Although a host of campaigns are created, very few leave their mark with their brilliant concept, immaculate execution and superb visual strategy.
So what is it that makes one campaign a success story and another, a tale of disaster? To assess the causes that determine the fate of a concept, we took critical evaluations from marketing and advertising professionals on the #PampersforPaternity TV commercial.
Following is their analysis on how they view it.
Creative Director – Art
It is said that you can’t please all the people all the time. As the bread earner, a father is continuously torn between his personal and professional life. At times, it becomes very challenging for him to cope with his work and family responsibilities.
For me this is more than just a Father’s Day campaign. It is a tribute to every father. Becoming a father is the best thing that can happen to a man. The commercial very effectively highlights the importance of a father’s presence at that life-changing moment when a new life is being brought into the world.
The concept is unique, innovative, emotional, and engaging all at the same time. It delivers the intended message most effectively. #PampersforPaternity encompasses the priceless moments in a father’s life with the message that a father should never miss out the joys and amazement of fatherhood.
Head of Design
It’s important to start conversations around pivotal topics such as fatherhood and its significance. Having a baby is a huge step for both parents and usually the role of a mother is highlighted in abundance.
This TVC captures the emotions of a father perfectly and the sacrifices he makes while choosing between being present for his family or by working hard to provide for his family.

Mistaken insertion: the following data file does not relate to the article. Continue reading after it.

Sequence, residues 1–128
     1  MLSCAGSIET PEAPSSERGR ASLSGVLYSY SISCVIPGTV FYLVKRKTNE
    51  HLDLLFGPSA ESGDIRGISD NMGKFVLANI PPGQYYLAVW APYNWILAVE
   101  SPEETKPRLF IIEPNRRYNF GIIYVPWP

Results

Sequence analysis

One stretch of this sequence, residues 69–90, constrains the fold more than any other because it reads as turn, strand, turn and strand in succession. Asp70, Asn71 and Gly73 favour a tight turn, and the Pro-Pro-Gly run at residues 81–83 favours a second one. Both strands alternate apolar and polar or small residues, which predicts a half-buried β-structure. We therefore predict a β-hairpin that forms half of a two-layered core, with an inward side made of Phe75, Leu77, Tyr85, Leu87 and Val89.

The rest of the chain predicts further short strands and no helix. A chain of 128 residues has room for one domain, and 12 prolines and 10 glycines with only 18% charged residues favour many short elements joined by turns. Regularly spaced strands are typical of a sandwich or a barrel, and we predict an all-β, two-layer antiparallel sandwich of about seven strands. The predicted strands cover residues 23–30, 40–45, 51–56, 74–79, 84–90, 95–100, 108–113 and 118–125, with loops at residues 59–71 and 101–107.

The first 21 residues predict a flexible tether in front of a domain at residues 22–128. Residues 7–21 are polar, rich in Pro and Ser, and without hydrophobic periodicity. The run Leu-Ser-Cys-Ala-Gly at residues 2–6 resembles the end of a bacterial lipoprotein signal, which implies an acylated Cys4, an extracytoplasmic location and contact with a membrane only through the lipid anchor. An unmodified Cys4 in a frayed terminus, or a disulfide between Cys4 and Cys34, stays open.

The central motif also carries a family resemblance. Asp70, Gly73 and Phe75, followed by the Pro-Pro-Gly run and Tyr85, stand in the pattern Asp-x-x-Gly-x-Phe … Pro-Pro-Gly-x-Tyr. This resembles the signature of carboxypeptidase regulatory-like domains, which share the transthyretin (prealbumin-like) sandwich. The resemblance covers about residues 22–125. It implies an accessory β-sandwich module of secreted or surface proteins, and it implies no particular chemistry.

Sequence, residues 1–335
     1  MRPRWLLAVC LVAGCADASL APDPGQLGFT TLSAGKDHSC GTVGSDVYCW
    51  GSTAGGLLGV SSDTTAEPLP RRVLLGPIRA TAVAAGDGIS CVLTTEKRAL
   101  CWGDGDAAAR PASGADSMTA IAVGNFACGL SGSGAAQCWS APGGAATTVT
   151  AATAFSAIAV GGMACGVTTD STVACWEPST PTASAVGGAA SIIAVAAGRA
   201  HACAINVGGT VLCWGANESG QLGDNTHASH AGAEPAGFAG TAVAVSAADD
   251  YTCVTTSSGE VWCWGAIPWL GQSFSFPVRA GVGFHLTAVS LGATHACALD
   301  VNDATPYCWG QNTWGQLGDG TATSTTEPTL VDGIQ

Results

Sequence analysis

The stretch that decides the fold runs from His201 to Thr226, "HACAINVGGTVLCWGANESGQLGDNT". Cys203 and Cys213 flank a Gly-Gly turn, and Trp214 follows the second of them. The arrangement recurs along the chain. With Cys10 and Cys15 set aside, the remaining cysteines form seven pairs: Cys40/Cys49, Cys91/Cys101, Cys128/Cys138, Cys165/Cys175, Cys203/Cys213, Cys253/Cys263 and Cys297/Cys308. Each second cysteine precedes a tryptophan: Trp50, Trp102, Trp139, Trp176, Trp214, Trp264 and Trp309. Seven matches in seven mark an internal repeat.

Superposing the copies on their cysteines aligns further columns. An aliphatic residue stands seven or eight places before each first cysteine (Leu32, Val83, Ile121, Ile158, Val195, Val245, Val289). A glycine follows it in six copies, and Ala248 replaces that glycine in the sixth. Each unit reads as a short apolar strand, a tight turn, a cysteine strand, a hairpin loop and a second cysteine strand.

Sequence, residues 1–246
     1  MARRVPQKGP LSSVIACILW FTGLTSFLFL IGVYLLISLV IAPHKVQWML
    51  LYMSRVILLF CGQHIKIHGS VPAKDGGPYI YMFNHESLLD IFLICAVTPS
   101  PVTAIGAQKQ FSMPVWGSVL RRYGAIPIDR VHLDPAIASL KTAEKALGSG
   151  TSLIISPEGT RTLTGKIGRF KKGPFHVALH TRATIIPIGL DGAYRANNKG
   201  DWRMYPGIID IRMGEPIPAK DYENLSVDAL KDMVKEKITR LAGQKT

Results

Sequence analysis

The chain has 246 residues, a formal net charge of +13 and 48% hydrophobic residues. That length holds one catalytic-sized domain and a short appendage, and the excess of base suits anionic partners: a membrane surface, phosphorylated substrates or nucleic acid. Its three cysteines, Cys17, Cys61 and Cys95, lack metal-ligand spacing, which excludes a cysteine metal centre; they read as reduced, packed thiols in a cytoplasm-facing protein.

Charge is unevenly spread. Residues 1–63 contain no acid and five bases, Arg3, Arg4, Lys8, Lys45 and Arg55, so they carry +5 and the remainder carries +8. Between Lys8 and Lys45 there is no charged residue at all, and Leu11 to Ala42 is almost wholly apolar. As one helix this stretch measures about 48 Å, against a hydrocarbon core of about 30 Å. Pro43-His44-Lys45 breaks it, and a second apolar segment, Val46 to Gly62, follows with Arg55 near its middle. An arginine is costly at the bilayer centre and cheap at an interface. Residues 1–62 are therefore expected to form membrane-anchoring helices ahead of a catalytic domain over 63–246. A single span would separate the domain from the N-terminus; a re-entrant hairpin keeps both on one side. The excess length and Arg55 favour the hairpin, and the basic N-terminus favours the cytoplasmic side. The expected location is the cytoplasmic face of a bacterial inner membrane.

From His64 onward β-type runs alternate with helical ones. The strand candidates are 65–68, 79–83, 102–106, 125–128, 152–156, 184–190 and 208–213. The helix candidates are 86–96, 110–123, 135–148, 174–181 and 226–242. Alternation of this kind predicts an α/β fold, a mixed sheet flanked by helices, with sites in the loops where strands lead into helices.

Even though this ad tugs at all the heart strings, it raises a few concerns too; the entire focus seems to be on the father who reaches late at the delivery and the later acts seem to be a compensation for this delay. While the ad does talk about being late, the copy lacks mentions of not being present for the wife or how he missed many moments during the process of his wife’s pregnancy.
Nonetheless, the concept, music and script; all have a beautiful sync. The mood, lighting, art direction seem to have given a lot of attention to detail.
All in all, the conceptualisation and the initiative taken by P&G for paternity leaves is commendable and hopefully all other businesses will follow suit.
Just as I was nearing the end of my seventh month of pregnancy, I came across the #PampersforPaternity TVC during a random social media scroll. Naturally, given my current situation I found the TVC to be relatable especially because I had been recently engaging in similar discussions around the subject matter of ‘paternity leaves’ with my husband.
As a marketer I felt the message delivered in the campaign hits the spot and has managed to tap into the emotional appeal of its consumers. Especially since the message is a topic which is seldom discussed and is categorized as ‘taboo’ even though it is relatable to many going through parenthood. However will this affect consumer buying behaviour? For me personally, the quality, longevity and value for money offered by a brand are still high up on my list of preferences while making a purchase decision.
Furthermore as a marketer and a consumer, I was left wondering if the alleged claim or policy change of the two-month paternal leave would be actually something that is carried forward and implemented by the organization or was it purely a stunt to grab the attention through the power of emotional marketing? Perhaps a follow up campaign with implementations or real employee testimonials would be something to solidify the message, ensuring it wraps up nicely.
The campaign’s video focuses on the message, which serves as a public service announcement, rather than advertising their product, “Pampers”. The message seems relevant with the audience being addressed, which observes child rearing as a wife’s responsibility and not the husband’s. It does a good job of conveying the stigma faced by fathers who choose to take a more active role in their child’s life. Although it’s worth noting that showing a more active participation from the father would have been a better communication route, rather than the problem of “why they can’t participate”.
Visually, the campaign ad is well shot and the lighting/colour grading adds to the mood of the film. The score does a good job in changing each scene’s mood to evoke the appropriate emotion. However, it is worth pointing out that in the process of building ‘drama’, the duration of the video is lengthened. In the end Pampers takes the lead in starting a change by adding that they’ve given their employees ‘Paternal leaves’.